This article will reflect on the compensation paid to Alison Brittain who has served as CEO of Whitbread PLC (LON:WTB) since 2016. This analysis will also assess whether Whitbread pays its CEO appropriately, considering recent earnings growth and total shareholder returns.
Comparing Whitbread PLC's CEO Compensation With the industry
According to our data, Whitbread PLC has a market capitalization of UK£6.3b, and paid its CEO total annual compensation worth UK£2.6m over the year to February 2020. We note that's a decrease of 53% compared to last year. We think total compensation is more important but our data shows that the CEO salary is lower, at UK£871k.
For comparison, other companies in the same industry with market capitalizations ranging between UK£3.0b and UK£9.0b had a median total CEO compensation of UK£4.5m. In other words, Whitbread pays its CEO lower than the industry median. Furthermore, Alison Brittain directly owns UK£2.0m worth of shares in the company.
On an industry level, roughly 74% of total compensation represents salary and 26% is other remuneration. In Whitbread's case, non-salary compensation represents a greater slice of total remuneration, in comparison to the broader industry. If non-salary compensation dominates total pay, it's an indicator that the executive's salary is tied to company performance.
A Look at Whitbread PLC's Growth Numbers
Over the last three years, Whitbread PLC has shrunk its earnings per share by 81% per year. It saw its revenue drop 40% over the last year.
The decline in EPS is a bit concerning. This is compounded by the fact revenue is actually down on last year. So given this relatively weak performance, shareholders would probably not want to see high compensation for the CEO. Historical performance can sometimes be a good indicator on what's coming up next but if you want to peer into the company's future you might be interested in this free visualization of analyst forecasts.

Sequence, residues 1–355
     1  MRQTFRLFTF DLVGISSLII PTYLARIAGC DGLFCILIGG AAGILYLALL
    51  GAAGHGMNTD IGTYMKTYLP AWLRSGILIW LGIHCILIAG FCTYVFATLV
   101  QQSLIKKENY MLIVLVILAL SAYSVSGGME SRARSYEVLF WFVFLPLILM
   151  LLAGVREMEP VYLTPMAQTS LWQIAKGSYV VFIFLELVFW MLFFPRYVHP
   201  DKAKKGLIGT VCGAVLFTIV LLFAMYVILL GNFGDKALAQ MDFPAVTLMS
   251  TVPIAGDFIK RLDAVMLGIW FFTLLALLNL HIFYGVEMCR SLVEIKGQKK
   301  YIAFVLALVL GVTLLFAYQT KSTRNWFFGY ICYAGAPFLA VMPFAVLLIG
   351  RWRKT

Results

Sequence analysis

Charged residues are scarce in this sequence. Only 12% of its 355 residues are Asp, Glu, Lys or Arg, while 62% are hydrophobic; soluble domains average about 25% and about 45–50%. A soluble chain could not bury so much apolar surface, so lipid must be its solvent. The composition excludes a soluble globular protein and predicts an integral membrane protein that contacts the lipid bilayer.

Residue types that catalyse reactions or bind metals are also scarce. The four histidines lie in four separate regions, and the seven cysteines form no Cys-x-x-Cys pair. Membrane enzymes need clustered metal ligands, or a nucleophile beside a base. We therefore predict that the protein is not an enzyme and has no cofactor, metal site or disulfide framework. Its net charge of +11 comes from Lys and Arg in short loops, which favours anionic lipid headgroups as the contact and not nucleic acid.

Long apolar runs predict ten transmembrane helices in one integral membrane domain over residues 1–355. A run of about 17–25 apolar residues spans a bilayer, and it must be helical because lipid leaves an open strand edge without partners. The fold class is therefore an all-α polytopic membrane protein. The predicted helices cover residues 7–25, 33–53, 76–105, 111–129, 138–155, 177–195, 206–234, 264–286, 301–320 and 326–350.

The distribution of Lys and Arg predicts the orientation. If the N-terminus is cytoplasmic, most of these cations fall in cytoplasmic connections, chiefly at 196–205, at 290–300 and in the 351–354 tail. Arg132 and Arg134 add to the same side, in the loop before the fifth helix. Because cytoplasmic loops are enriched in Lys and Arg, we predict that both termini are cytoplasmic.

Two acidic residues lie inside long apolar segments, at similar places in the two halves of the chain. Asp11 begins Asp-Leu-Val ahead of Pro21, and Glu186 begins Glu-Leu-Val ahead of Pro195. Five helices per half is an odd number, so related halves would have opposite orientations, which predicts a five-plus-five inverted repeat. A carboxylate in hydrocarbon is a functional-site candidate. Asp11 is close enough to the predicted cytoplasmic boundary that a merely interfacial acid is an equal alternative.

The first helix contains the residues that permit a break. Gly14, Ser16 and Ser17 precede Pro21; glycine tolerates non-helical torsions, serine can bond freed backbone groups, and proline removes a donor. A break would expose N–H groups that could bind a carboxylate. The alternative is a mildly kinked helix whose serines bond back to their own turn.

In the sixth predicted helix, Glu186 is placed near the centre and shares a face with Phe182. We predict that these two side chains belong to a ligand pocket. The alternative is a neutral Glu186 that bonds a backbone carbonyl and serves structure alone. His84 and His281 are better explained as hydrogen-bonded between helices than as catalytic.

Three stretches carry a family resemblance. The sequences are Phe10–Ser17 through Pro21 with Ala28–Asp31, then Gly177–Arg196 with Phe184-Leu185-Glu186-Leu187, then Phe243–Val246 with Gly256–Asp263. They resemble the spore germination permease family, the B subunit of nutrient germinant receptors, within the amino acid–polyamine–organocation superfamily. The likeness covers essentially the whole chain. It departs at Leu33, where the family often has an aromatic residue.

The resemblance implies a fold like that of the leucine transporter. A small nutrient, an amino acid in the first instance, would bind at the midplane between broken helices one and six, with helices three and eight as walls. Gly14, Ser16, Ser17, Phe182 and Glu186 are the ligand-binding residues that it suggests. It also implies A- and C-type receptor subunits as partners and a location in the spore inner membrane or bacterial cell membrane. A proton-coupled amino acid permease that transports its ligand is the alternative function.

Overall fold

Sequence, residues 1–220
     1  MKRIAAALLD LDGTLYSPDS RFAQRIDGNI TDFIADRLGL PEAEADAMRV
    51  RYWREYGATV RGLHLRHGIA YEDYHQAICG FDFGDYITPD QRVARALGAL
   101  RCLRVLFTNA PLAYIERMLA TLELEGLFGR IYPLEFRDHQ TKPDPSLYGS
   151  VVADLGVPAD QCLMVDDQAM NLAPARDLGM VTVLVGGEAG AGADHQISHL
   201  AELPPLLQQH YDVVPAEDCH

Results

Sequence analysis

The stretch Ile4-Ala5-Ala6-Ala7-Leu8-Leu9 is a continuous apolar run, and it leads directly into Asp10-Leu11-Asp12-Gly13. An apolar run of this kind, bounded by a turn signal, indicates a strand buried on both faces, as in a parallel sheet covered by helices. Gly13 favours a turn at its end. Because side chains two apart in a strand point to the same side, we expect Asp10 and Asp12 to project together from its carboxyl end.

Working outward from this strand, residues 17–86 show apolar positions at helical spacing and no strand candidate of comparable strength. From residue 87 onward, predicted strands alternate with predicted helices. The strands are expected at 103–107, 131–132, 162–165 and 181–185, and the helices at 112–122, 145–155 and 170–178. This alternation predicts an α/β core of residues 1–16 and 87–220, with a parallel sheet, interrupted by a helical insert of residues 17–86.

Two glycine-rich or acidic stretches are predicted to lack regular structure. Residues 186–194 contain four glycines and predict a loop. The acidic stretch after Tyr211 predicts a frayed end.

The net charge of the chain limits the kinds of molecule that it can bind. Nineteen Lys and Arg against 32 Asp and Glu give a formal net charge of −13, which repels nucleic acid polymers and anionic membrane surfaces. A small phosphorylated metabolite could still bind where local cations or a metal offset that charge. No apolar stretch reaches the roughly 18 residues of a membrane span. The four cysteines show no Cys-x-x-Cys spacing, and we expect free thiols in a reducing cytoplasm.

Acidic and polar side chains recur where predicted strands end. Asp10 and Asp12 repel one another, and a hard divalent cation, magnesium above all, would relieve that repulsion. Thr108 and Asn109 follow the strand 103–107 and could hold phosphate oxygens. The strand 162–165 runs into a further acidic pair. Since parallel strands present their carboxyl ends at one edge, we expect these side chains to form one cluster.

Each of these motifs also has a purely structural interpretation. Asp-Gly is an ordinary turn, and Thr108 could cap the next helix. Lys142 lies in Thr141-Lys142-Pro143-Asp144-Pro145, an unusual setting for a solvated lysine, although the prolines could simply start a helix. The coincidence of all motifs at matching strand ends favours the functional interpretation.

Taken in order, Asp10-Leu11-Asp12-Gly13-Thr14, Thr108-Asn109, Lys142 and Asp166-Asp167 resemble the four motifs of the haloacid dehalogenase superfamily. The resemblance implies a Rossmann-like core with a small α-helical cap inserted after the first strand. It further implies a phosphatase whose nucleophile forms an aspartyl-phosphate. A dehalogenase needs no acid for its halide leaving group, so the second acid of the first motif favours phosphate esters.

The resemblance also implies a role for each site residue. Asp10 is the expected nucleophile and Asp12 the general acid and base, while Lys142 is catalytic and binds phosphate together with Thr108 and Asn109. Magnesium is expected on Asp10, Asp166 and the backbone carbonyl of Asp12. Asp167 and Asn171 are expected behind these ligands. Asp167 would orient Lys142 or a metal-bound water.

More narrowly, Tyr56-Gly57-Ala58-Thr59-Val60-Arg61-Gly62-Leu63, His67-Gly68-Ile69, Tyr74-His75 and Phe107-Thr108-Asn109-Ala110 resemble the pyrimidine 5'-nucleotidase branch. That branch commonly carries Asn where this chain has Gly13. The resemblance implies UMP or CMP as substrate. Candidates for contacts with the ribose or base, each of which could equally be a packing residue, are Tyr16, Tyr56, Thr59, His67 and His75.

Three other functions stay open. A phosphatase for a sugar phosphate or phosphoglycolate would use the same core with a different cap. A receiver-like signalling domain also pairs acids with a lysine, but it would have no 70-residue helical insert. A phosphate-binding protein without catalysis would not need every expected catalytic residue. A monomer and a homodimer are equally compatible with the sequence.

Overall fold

Has Whitbread PLC Been A Good Investment?
Since shareholders would have lost about 1.7% over three years, some Whitbread PLC investors would surely be feeling negative emotions. Therefore, it might be upsetting for shareholders if the CEO were paid generously.
As we noted earlier, Whitbread pays its CEO lower than the norm for similar-sized companies belonging to the same industry. EPS growth has failed to impress us, and the same can be said about shareholder returns. It's tough to say that Alison is earning a very high compensation, but shareholders will likely want to see healthier investor returns before agreeing that a raise is in order.
CEO pay is simply one of the many factors that need to be considered while examining business performance. In our study, we found 2 warning signs for Whitbread you should be aware of, and 1 of them is potentially serious.
Important note: Whitbread is an exciting stock, but we understand investors may be looking for an unencumbered balance sheet and blockbuster returns. You might find something better in this list of interesting companies with high ROE and low debt.
This article by Simply Wall St is general in nature. It does not constitute a recommendation to buy or sell any stock, and does not take account of your objectives, or your financial situation. We aim to bring you long-term focused analysis driven by fundamental data. Note that our analysis may not factor in the latest price-sensitive company announcements or qualitative material. Simply Wall St has no position in any stocks mentioned.
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